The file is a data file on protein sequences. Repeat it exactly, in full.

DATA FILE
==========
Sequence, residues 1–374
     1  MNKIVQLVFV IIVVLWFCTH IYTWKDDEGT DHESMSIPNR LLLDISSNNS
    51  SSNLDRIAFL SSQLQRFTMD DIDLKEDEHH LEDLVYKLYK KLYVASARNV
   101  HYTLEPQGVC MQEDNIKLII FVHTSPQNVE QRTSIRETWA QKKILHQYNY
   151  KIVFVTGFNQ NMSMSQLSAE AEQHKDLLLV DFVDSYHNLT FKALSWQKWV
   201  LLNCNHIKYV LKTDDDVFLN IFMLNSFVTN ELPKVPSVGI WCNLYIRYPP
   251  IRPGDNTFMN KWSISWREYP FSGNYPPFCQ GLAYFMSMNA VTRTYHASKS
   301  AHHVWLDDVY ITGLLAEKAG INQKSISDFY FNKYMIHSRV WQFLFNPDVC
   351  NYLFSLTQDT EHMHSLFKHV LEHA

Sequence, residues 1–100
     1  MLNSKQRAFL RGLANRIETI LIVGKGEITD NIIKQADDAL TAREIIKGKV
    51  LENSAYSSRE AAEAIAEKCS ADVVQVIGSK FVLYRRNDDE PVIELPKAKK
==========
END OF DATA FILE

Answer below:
Sequence, residues 1–374
     1  MNKIVQLVFV IIVVLWFCTH IYTWKDDEGT DHESMSIPNR LLLDISSNNS
    51  SSNLDRIAFL SSQLQRFTMD DIDLKEDEHH LEDLVYKLYK KLYVASARNV
   101  HYTLEPQGVC MQEDNIKLII FVHTSPQNVE QRTSIRETWA QKKILHQYNY
   151  KIVFVTGFNQ NMSMSQLSAE AEQHKDLLLV DFVDSYHNLT FKALSWQKWV
   201  LLNCNHIKYV LKTDDDVFLN IFMLNSFVTN ELPKVPSVGI WCNLYIRYPP
   251  IRPGDNTFMN KWSISWREYP FSGNYPPFCQ GLAYFMSMNA VTRTYHASKS
   301  AHHVWLDDVY ITGLLAEKAG INQKSISDFY FNKYMIHSRV WQFLFNPDVC
   351  NYLFSLTQDT EHMHSLFKHV LEHA

Sequence, residues 1–100
     1  MLNSKQRAFL RGLANRIETI LIVGKGEITD NIIKQADDAL TAREIIKGKV
    51  LENSAYSSRE AAEAIAEKCS ADVVQVIGSK FVLYRRNDDE PVIELPKAKK